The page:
Putin spoke at a closed-door meeting of the Russian Union of Industrialists and Entrepreneurs, a prominent grouping of company chiefs and tycoons, on February 9.
"I think that those who are doing this will themselves tire of it soon, and...I hope that we will embark on the path of normal relations," Russian news agencies quoted him as saying about the sanctions imposed by the West.
Putin's comments come weeks ahead of a March 18 presidential election in which he is virtually assured of victory but is said to be eager for a strong turnout and resounding support ahead of what could be his final term.
They follow reports of concerns among the Russian elite about the sanctions, which have had an effect on Russia's economy and complicated trade and business dealings with the West.
The United States, the European Union, and others have imposed sanctions on Russia in response to its seizure of the Crimean Peninsula and role in the war in eastern Ukraine.
Some Western countries including the United States have also hit Russia with sanctions over issues including evidence of human rights abuses and alleged interference in the U.S. presidential election in 2016.
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On January 30, the U.S. Treasury Department published a list of 114 senior Russian political figures and 96 "oligarchs" who U.S. authorities say have gained wealth or power through association with Putin.
Those on the list were not immediately hit with sanctions and the United States did not impose any new sanctions on Russia at the time, but Treasury Secretary Steven Mnuchin said that "additional sanctions" would be imposed "in the near future."
Putin condemned the U.S. move as an "unfriendly act" that would "complicate the already grave" state of U.S.-Russian relations but signaled that Moscow would not take major retaliatory steps.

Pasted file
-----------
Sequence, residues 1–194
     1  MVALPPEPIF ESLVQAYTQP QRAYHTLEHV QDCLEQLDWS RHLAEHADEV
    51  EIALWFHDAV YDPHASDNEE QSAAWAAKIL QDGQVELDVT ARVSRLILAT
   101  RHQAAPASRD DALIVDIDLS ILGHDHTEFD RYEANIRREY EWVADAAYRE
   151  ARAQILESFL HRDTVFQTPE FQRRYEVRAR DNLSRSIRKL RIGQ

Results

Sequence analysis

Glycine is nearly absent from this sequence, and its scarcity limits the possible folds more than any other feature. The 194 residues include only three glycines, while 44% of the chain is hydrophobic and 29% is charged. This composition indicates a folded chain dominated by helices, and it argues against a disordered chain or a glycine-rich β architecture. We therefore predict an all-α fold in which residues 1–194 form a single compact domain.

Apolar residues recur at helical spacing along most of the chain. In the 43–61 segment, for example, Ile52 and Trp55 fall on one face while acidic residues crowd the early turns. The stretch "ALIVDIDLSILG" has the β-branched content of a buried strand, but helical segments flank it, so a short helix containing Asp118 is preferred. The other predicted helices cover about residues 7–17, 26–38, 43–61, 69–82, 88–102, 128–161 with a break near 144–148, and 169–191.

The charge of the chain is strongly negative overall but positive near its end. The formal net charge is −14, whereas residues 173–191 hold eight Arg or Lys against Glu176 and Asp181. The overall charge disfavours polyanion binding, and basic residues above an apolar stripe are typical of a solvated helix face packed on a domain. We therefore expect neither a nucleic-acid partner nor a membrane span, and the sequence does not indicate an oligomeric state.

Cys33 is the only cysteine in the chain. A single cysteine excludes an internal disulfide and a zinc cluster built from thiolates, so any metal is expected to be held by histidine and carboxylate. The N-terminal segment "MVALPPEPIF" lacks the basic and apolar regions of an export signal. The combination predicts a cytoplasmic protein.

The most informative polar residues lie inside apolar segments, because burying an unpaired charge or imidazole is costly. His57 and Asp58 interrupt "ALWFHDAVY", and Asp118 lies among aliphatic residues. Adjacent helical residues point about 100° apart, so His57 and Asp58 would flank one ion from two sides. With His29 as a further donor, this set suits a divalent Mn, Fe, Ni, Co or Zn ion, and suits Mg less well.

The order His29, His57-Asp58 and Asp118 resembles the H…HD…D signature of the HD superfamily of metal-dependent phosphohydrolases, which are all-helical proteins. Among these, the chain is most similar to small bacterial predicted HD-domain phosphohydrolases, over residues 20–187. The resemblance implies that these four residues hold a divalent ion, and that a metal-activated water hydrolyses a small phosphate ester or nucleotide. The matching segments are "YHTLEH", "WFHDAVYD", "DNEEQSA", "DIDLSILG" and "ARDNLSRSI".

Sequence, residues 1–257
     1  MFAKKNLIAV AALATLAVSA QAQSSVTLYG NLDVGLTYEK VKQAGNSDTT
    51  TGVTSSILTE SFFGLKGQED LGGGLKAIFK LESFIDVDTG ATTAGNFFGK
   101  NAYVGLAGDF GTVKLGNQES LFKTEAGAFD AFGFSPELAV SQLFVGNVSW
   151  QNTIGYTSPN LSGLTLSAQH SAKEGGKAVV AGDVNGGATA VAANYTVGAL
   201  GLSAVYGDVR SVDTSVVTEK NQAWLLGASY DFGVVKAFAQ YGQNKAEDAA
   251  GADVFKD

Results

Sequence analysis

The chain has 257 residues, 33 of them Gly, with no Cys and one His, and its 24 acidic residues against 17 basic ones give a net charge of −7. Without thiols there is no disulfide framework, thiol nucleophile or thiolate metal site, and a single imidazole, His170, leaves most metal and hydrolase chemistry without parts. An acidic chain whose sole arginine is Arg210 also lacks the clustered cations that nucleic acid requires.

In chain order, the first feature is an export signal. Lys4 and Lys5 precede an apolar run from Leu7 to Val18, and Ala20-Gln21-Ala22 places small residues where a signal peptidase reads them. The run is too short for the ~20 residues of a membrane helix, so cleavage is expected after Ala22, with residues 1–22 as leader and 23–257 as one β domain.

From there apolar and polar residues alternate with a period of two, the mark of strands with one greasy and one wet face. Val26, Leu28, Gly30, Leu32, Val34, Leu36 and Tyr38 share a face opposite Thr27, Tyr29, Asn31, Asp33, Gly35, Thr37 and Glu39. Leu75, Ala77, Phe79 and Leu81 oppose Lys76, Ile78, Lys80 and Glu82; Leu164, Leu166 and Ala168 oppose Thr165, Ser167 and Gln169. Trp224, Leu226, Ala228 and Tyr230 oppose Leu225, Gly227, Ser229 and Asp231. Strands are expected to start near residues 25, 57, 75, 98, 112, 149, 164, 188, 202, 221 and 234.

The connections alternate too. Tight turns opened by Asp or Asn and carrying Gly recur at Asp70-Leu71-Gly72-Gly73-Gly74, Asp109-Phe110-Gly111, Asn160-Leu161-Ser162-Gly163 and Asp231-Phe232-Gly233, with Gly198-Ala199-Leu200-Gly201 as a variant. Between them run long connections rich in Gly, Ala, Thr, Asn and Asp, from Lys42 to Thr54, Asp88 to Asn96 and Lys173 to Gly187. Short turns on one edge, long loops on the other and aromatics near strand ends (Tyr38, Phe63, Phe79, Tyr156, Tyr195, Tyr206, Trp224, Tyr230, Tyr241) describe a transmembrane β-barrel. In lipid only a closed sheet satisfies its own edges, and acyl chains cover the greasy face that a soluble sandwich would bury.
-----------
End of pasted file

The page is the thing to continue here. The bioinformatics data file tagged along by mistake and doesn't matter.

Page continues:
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Sanctions did not stop Iran working on its nuclear programme. While the nuclear deal signed in 2015 between Iran and the P+1 powers (United States, Russia, Britain, France, China and Germany) has slowed the Iranian nuclear programme temporarily, it left it intact.
Harsh sanctions against North Korea have not stopped it refining its nuclear and missile capabilities. Saddam Hussein survived the most intrusive sanctions ever imposed on a country. It needed an invasion to topple him.
US sanctions against Venezuela will certainly exacerbate an already very dire situation, but Venezuela will not collapse particularly with loans-for-oil it is receiving from China.
Sanctions imposed against Russia by the United States and the European Union (EU) in 2014 in retaliation against its annexation of the Crimea have helped Russia accelerate the diversification of its economy.
Since 2014, the Russian economy has been diversifying away from reliance on oil and gas exports. As a result, growth reached an annual rate of 2.5% in the 2017, the fastest in almost five years. The agricultural exports have become the second biggest earners after oil and gas exports. The recovery is definitely taking place amid definite signs that economy has adjusted to lower oil prices and the sanctions. Russia is now saying that its economy can now live forever with an oil price of $40 or less. The recent rise in oil prices is a bonus to the Russian economy.
While US sanctions against Russia will remain permanently for economic and geopolitical reasons, the EU sanctions will soon start to loosen up. The Russian economy is thriving.under the sanctions.
Dr Mamdouh G Salameh
International Oil Economist
Visiting Professor of Energy Economics at ESCP Europe Business School, London